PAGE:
JANUARY 20, 2020 2021 BY TOM FOX

In today’s edition of Daily Compliance News:

  • From WFH to RTW. (WSJ)
  • Upsurge in CFO resignations in 2020. (WSJ)
  • AD buyers now under scrutiny. (WSJ)
  • Tech execs want to unblock talent. (WSJ)

The Compliance Life details the journey to and in the role of a Chief Compliance Officer. How does one come to sit in the CCO chair? What are some of the skills a CCO needs to success navigate the compliance waters in any company? What are some of the top challenges CCOs have faced and how did they meet them? These questions and many others will be explored in this new podcast series. Over four episodes each month on The Compliance Life, I visit with one current or former CCO to explore their journey to the CCO chair. This month, my guest is Gwen Hassan, Managing Counsel and Director of Compliance at CNH Industrial.

In this third episode, Gwen shares the advice would you give to someone who may be interested in pursuing a career in compliance. She details the most challenging thing about being a compliance professional and what is the most rewarding. She looks into the future and explores where she sees the profession headed over the next decade and what new skill sets will be needed/required to be successful in 2025 and beyond.


After the internal report comes in and you have properly triaged the matter, you need to scope out and investigate it, promptly, thoroughly and with competent personnel. In the 2020 Update, provided these series of questions about your internal investigations:


Properly Scoped Investigations by Qualified Personnel – How does the company determine which complaints or red flags merit further investigation? How does the company ensure that investigations are properly scoped? What steps does the company take to ensure investigations are independent, objective, appropriately conducted, and properly documented? How does the company determine who should conduct an investigation, and who makes that determination?

 Investigation Response – Does the company apply timing metrics to ensure responsiveness? Does the company have a process for monitoring the outcome of investigations and ensuring accountability for the response to any findings or recommendations?

 Resources and Tracking of Results – Are the reporting and investigating mechanisms sufficiently funded? How has the company collected, tracked, analyzed, and used information from its reporting mechanisms? Does the company periodically analyze the reports or investigation findings for patterns of misconduct or other red flags for compliance weaknesses? Does the company periodically test the effectiveness of the hotline, for example by tracking a report from start to finish?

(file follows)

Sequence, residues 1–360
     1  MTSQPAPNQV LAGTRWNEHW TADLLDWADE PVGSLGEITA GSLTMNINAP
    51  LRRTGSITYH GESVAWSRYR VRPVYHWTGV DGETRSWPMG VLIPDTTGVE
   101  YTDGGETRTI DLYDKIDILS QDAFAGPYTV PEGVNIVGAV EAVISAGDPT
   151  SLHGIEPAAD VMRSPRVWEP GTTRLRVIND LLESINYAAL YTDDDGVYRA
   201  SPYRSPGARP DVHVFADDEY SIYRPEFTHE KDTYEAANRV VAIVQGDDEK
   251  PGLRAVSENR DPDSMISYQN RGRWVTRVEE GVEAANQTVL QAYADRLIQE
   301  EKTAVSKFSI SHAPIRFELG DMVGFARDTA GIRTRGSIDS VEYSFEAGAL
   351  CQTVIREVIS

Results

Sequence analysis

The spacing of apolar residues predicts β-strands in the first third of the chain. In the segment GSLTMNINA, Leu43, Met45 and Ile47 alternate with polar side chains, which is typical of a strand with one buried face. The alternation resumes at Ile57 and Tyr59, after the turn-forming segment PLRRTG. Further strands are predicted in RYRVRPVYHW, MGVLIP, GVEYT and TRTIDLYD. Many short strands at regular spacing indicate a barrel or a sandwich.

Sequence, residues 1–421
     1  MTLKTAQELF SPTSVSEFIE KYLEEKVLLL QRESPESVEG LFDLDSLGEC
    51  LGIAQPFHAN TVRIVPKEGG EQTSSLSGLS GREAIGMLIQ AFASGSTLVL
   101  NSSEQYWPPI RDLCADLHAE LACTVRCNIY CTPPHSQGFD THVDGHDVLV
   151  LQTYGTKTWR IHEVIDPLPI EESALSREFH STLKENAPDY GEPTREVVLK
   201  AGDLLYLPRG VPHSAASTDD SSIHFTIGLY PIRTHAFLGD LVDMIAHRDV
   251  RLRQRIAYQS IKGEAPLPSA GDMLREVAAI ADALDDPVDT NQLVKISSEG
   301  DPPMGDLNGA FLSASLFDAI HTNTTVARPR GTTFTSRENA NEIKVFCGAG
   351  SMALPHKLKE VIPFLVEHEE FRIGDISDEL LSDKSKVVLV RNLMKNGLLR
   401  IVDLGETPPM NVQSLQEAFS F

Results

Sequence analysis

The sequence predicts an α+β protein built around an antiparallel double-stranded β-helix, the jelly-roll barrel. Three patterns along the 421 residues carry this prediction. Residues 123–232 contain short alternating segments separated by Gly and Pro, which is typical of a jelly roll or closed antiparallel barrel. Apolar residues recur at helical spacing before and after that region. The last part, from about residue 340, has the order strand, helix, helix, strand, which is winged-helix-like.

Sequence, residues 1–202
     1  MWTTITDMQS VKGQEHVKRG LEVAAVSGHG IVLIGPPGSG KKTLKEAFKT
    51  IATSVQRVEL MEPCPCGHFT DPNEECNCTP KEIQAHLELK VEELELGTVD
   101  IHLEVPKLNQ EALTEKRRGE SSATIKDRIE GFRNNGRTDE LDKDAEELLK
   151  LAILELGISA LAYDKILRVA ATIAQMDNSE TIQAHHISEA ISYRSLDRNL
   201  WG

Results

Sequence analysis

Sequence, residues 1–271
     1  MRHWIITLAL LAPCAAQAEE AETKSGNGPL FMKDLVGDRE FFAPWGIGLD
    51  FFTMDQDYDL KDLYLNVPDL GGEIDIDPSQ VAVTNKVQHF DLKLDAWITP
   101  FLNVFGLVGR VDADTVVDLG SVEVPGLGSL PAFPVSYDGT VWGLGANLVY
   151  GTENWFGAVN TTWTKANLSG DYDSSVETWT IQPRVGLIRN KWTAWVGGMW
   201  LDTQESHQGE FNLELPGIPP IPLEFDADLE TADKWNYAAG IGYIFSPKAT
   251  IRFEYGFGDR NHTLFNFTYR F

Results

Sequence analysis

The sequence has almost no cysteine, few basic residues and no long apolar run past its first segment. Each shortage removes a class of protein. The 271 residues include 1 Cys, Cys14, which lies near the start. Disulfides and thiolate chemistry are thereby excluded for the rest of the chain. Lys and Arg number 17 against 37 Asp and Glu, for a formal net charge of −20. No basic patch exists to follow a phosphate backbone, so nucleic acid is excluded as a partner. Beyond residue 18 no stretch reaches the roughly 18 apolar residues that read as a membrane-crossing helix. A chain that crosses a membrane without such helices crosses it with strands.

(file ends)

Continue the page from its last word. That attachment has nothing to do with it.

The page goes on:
In a presentation Jay Martin, retired Chief Compliance Officer at Baker Hughes and now Senior Counsel at Willkie Farr & Gallagher LLP and Jacki Trevino, Senior Director, Advisory Services Group at SAI Global Limited, discussed the specifics of an investigation protocol. It consisted of 1) opening and categorizing the case; 2) planning the investigation; 3) executing the investigation plan; 4) determining appropriate follow-up; and 5) closing the case. If you follow this basic protocol, you should be able to work through most investigations, in a clear, concise and cost-effective manner. Furthermore, you should have a report at the end of the day which should stand up to later scrutiny if a regulator comes looking. Finally, you will be able to “Document, Document, and Document”, not only the steps you took but why and the outcome obtained.

Three key takeaways:

  1. A written protocol, created before an investigation, is a key starting point.
  2. Create specific steps to follow so there will be full transparency and documentation going forward.
  3. Consistency in approach is critical.


Robert Meyers is the Channel Solutions Architect for One Identity, a software company that helps organizations establish an identity-centric security strategy. Tom Fox welcomes him to this week’s show to talk about compliance, data privacy, and employee data issues.


The Role of One Identity

“Most companies forget about employees, and this gets impacted by GDPR,” Robert says. His role at One Identity allows him to explain to companies where they can fit identity protections for employees. He also helps companies with their logging systems to prevent them from sending out sensitive information into their log store. Robert adds that he also works as a consultant for partners and helps with privileged access management.

Data Has a Life Cycle

“Data itself should have a life cycle,” Robert emphasizes. The concept of never deleting anything and keeping copies of everything is a bad idea. Data discipline and data management governance expects that you remove data at an appropriate time. Robert iterates that data privacy and data protection have to be integrated with operations because if it isn’t, it won’t be dealt with at all. In response to Tom’s question on who owns Compliance, Robert says that it has to be the Chief Operating Officer.

What’s Next

Tom asks Robert what businesses should expect to happen around data privacy between now and 2023. Robert says that there will be more risk assessment. Most breaches conducted within organizations are internal. He advocates for greater enforcement of laws and regulations as well as more legislation.




Robert Meyers | Twitter, LinkedIn

JANUARY 19, 2020 2021 BY TOM FOX

In today’s edition of Daily Compliance News:

  • After the Jan. 6 insurrection, investors demand changes. (NYT)
  • Biden Administration signals more aggressive enforcement. (WaPo)
  • Samsung heir gets prison term. (BBC)
  • Josh Hawley channels his inner Macbeth. (FT)